Luckily, as soon as Sean mentioned he had an extra ticket to see Revenge of the Book Eaters, a benefit show performing in six cities to raise money for children's creative writing in the 826 writing centers across the country, I pounced like a large, greedy pouncing thing.
The show opened with John Stewart riffing on the eternal plight of Mel Gibson, and then plunged into a hilarious bit focusing on the new paperback edition of America (The Book) Due to an overwhelming slew of complaints stemming from the numerous "factual errors" in the book, a professional fact checker (played by Daily Show producer Ben Carlson) was hired to provide corrections where needed. John read exceprts from the book while Be provided "factual continuity."
Next up was Dave Eggers, who spoke about the aims of 826 and presented a short film detailing the day-to-day activities of 826NYC. He came out to his own theme song, a quick chorus of Rock You Like a Hurricane performed by folkie/science geek Jonathan Coulton.
Time for a little music. John Roderick from The Long Winters came on for a 3-song solo acoustic set. His voice was incredible - in a weird way it reminded me (at least in terms of cadence) of a strong Michael Stipe. I really enjoyed his set, but was slightly disappointed later when I heard a little of The Long Winters in the car. They kind of buried his voice in a typical soft, Wilco-style folk rock. Oh well - he tore it up live!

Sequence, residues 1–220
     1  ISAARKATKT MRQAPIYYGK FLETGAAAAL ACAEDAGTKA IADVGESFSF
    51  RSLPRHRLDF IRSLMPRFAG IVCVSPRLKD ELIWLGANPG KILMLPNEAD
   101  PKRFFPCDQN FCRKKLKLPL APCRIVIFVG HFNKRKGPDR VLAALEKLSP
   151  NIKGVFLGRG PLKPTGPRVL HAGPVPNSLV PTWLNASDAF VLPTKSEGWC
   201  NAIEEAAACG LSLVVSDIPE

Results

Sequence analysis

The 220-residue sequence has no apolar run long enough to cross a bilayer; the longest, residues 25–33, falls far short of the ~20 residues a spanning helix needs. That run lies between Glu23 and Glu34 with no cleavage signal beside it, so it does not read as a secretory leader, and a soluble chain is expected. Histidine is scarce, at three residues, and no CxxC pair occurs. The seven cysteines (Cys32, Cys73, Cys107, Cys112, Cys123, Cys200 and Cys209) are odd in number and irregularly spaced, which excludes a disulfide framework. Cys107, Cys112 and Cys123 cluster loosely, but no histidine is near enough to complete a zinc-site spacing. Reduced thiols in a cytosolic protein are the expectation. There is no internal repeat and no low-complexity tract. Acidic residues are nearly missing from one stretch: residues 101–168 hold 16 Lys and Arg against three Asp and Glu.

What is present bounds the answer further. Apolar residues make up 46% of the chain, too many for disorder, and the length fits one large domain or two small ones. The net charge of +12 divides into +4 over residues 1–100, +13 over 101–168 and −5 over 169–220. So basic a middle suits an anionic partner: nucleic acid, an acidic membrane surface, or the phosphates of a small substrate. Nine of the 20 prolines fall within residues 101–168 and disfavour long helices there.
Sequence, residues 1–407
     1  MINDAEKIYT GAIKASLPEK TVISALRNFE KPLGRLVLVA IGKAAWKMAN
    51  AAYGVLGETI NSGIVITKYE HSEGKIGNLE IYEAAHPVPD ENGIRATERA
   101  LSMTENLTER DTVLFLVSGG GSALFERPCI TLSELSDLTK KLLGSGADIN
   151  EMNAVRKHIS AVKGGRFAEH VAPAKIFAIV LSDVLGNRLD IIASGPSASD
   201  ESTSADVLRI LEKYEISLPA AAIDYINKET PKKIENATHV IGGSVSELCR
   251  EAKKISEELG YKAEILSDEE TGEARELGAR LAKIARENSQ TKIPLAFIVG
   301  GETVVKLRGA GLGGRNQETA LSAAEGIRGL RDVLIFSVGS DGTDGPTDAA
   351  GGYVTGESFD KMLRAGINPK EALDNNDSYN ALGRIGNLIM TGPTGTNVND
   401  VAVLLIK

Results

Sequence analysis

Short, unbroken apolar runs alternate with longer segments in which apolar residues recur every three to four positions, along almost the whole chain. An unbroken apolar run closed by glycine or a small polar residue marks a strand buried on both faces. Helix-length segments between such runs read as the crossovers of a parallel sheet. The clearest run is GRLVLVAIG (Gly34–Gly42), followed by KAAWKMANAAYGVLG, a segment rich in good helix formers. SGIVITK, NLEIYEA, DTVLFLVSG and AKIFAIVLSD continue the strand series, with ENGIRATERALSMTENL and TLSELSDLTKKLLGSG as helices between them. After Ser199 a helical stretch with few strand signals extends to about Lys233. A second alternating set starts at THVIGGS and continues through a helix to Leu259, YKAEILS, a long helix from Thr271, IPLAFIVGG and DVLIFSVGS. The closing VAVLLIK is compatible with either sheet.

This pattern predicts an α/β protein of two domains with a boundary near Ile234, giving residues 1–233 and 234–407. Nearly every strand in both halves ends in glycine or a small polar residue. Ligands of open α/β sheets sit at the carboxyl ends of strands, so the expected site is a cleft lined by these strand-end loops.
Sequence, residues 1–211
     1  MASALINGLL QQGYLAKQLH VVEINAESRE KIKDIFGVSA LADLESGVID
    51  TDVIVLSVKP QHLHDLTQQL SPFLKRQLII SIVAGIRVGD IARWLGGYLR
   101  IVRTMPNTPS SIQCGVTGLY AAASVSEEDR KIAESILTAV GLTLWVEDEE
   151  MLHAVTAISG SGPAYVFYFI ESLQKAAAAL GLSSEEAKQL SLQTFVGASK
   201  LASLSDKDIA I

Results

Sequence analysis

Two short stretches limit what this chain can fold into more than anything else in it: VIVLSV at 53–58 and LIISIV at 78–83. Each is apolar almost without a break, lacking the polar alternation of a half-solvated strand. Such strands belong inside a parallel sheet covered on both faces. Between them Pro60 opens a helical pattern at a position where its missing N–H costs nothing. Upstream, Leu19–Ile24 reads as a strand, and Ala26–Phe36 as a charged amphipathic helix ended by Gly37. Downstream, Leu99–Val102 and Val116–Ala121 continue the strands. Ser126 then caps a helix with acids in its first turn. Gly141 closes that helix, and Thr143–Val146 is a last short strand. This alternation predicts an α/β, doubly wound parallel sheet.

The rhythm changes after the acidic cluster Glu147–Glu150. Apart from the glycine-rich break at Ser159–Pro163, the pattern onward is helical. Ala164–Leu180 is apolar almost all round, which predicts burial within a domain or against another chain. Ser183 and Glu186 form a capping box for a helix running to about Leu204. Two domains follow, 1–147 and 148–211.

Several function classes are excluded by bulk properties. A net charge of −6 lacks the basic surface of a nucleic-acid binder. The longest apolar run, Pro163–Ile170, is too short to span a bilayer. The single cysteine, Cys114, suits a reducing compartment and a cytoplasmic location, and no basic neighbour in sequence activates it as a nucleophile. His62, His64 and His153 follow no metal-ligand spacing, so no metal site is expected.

A little request for some money, courtesy of MC for the evening and author/Daily Show correspondent John Hodgman and all-around kickass acerbic wit Sarah Vowell. Buckets were passed around while Dave Eggers ran through the theater offering to give hugs to anyone who would give him $20. As enticement for their bucket goal of $5000, John mentioned he might be able to get Sufjan out again to do a little number with David Byrne.
Awesome surprise for me! Sarah Vowell came back out to read a new essay detailing the life of Charles Pruess, with special guest Eric Bogosian providing the voice of Pruess. One of my strongest college memories is coming across Bogosian's Pounding Nails in the Floor With My Forehead in the library and devouring it in one sitting. It was a revelation to me, and introduced me to a whole new way of opening yourself up in your writing.
So was the eternal question "Words or Music - Which is better?" answered? Who knows? I was too busy laughing and enjoying the night.